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Cultural leaders in drive to fight violence against women and girls

By Jacky Achan

Added 18th October 2020 12:36 PM

During the lockdown there was a spike in gender-based violence with women and children mostly getting affected and some of the cases even claiming lives.

Cultural leaders in drive to fight violence against women and girls

Between March 30 and April 28 alone 3, 280 cases of gender based violence were reported to the police (Photos by Shamim Saad)

During the lockdown there was a spike in gender-based violence with women and children mostly getting affected and some of the cases even claiming lives.

CULTURE| VIOLENCE AGAINST WOMEN

Cultural and traditional leaders in Uganda are to promote the use of positive cultural practices to fight and end violence against women and girls amid concerns that African culture is being relegated in favour of ill modern cultures.

The Ministry of Gender, Labour and Social Development, UN Women and The Cross-Cultural Foundation Uganda recently held discussions with the Prime Ministers of the different cultural and traditional institutions in Uganda on how they can harness cultural resources to end violence against women and girls.

"Violence against women and girls is not a cultural issue but a social value issue.""In a home today you find the children, men, and women operating independently and not as a unit as it should be," says the Prime Minister of Bunyoro Kingdom Andrew Byakutaga.

"We have borrowed cultures which have suffocated our positive African cultures, that would have protected women and girls against violence," adds Rt. Hon. Rev. Tomasi Kamuhanda Deputy Prime Minister in the Bwamba Kingdom.

During the lockdown there was a spike in gender-based violence with women and children mostly getting affected and some of the cases even claiming lives.

Between March 30 and April 28 alone 3, 280 cases of gender-based violence were reported to the Police in addition to 283 cases of violence against children. In the five months of  the lockdown, Uganda had registered more than 21,000 cases of child abuse.

The institution of Traditional or Cultural Leaders Act, 2011 defines the role of traditional or cultural leaders as that of promoting and preserving the cultural values, norms and practices which enhance the dignity and wellbeing of the people and that of promoting the development preservation and enrichment of all people in the community.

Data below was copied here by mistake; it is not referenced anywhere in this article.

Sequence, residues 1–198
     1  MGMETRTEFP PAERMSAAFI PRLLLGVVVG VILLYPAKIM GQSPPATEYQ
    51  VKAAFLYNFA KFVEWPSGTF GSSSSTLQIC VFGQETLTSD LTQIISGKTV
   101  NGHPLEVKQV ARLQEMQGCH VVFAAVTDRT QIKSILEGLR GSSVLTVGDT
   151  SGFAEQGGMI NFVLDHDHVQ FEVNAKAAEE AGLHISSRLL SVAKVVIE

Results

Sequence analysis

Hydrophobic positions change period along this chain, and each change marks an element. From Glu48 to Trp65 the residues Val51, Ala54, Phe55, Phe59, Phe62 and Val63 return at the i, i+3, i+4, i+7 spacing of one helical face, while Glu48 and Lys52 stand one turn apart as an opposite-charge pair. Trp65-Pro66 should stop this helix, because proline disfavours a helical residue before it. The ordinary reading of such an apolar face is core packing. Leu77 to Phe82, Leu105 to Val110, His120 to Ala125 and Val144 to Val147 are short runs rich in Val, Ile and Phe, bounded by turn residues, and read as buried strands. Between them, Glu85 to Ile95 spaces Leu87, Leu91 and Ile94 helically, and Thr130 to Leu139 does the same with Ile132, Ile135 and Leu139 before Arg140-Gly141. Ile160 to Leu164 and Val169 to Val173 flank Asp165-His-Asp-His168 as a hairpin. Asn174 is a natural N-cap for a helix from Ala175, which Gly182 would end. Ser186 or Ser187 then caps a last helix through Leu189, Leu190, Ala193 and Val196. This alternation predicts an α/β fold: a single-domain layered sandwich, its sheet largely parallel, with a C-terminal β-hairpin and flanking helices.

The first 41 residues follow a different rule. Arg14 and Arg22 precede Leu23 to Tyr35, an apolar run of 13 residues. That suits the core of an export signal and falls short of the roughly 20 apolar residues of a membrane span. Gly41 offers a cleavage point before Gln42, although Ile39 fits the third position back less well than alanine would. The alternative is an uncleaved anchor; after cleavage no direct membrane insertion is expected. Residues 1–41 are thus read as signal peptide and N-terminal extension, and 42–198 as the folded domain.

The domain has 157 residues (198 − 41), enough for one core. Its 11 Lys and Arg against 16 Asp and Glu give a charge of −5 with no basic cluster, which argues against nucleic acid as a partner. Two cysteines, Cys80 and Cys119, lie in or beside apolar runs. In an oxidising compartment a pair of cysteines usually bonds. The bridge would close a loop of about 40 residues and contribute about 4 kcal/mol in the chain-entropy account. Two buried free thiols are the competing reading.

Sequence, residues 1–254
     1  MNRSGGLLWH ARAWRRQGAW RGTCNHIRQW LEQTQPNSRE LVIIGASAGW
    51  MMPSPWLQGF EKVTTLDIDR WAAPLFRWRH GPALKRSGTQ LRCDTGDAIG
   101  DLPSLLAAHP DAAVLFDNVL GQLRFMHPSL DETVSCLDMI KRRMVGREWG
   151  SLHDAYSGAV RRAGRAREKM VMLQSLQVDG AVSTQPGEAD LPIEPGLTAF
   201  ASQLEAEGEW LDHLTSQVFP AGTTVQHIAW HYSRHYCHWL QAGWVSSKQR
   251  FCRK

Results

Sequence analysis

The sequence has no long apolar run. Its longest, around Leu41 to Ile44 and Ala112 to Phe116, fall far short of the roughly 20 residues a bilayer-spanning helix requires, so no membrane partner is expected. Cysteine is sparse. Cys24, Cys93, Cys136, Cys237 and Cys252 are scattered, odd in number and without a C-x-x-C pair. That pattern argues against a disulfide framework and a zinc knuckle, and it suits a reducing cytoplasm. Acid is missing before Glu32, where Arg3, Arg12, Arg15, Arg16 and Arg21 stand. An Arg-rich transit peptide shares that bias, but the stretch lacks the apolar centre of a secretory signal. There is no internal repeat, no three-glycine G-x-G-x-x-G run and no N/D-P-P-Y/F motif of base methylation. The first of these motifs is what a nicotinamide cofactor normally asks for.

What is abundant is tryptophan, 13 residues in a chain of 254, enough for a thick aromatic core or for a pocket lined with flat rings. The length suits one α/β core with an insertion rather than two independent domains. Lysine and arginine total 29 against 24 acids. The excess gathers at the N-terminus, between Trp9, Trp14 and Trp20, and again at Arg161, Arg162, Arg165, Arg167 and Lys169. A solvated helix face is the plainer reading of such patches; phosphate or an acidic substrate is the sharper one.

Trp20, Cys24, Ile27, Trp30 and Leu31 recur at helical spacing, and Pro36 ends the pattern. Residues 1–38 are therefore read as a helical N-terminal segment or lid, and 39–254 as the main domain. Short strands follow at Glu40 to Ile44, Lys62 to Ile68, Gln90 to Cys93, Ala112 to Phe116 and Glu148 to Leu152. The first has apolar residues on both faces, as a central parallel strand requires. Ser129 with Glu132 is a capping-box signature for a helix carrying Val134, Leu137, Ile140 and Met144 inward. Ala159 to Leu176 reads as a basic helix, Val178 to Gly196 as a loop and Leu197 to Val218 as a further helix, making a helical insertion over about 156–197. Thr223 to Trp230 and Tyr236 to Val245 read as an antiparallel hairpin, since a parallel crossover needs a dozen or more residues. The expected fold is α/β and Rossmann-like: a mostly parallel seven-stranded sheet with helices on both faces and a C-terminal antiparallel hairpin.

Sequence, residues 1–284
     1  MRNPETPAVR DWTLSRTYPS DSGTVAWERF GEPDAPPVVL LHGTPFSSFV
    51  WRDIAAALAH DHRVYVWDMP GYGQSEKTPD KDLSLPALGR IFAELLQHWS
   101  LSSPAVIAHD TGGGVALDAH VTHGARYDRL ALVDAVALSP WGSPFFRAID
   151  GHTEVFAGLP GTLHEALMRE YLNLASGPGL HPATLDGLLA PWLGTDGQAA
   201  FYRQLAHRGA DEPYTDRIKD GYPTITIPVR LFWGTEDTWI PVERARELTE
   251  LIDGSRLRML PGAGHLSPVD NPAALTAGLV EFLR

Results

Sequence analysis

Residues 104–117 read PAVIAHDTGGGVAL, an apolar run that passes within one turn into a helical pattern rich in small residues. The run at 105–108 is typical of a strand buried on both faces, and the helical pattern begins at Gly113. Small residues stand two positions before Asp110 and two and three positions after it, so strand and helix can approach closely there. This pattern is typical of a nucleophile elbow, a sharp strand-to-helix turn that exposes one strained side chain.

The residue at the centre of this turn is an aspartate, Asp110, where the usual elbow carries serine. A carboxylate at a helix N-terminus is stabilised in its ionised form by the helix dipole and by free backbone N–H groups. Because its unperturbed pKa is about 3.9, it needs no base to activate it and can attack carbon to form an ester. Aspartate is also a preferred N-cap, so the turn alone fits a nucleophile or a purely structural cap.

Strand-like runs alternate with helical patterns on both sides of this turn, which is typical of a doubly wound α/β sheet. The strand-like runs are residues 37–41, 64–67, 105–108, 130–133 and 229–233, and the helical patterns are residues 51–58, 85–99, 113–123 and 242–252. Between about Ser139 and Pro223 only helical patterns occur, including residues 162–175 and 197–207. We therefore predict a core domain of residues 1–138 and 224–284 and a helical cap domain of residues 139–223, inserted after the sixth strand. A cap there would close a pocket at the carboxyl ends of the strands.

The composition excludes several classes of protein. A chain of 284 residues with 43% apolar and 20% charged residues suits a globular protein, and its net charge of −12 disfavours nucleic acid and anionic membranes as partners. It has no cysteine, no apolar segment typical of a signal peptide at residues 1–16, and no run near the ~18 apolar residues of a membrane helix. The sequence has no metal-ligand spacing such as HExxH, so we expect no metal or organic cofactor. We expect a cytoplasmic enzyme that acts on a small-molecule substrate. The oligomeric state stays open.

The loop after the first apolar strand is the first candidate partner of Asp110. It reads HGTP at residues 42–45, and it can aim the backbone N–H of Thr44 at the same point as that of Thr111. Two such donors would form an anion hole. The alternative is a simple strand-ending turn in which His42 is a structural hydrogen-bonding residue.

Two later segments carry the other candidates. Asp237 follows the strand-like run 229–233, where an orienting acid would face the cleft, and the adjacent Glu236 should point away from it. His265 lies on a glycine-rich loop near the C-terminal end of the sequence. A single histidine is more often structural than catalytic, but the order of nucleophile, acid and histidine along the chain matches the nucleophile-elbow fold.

However, the Permanent Secretary in the Ministry of Gender, Labour and Social Development Aggrey Kibenge says a lot more remains to be done including tackling concerns over the growing moral decadence within our society.

"Unfortunately culture faces the threat of globalisation with dire consequences especially on the dot.com generation. We need to continue working together to urgently address the challenge brought about by a scientifically and technologically growing and connected world," he says.

The Prime Minister of Bunyoro says there is need to encourage family value to ensure families operate as a loving and peaceful single unit.

Vincent Ssenyondo who is in charge of Strategic Partnerships in Buganda Kingdom said if cultural and traditional institutions go back to the basics to promote best cultural practices, violence against women and girls will come to an end.

The Prime Minister of the Acholi Chiefdoms Ambrose Olaa adds within the provisions of culture and traditions there are mechanisms based on cultural norms, values and practices that has for generations defined the way men and women relate in an environment peacefully.

He says because of the many changes that have occurred in the name of advancement, people are  abusing relationships.  The fact that many people have abandoned traditional practices that protected women and girls and any other human being, you find that people are engaging in acts of violence.

"Given the current trends we see an increasing need for cultural and tradition to play a greater role in minimising and limiting violence against women and girls,' he says.

Kibenge says traditional and cultural leaders are effective partners in instilling positive values including hard work, mutual respect, peaceful co-existence, and a positive attitude and mindset to development. He referred to culture as a unique social capital and a prerequisite for development.



Kibenge urged the traditional and cultural leaders to also consider establishing cultural or creative hubs to engage young people and ensure our cultural values are promoted for mindset change.

The Deputy Executive Director of the Cross-Cultural Foundation of Uganda Barbra Babweteera says according to the recent research that they have carried out, there are numerous positive cultural practices if revived and promoted that can be used to end violence against women and girls.

"There are similarities of cultures across Africa. Traditional or cultural leaders can borrow the good cultures to end violence against women and girls."

 "It's within the powers of cultural or traditional leaders to decide positive cultures they want to adopt and let their communities especially young people know," says Babweteera.

The research reports plus the position paper on culture and the Marriages Bill will be released next month during the 16 days of activism.

The meeting between the traditional and cultural institutions Prime Ministers and the Ministry of Gender, Labour and Social Development, UN Women and The Cross-Cultural Foundation Uganda on Friday also made a case for the adoption of the Consortium of Traditional Leaders in Africa (COTLA) Uganda Chapter to eliminate violence against women and girls.

Established in 2018, COTLA aims to end child marriage, Female Genital Mutilation and other harmful practices towards women and girls in Africa by 2030.

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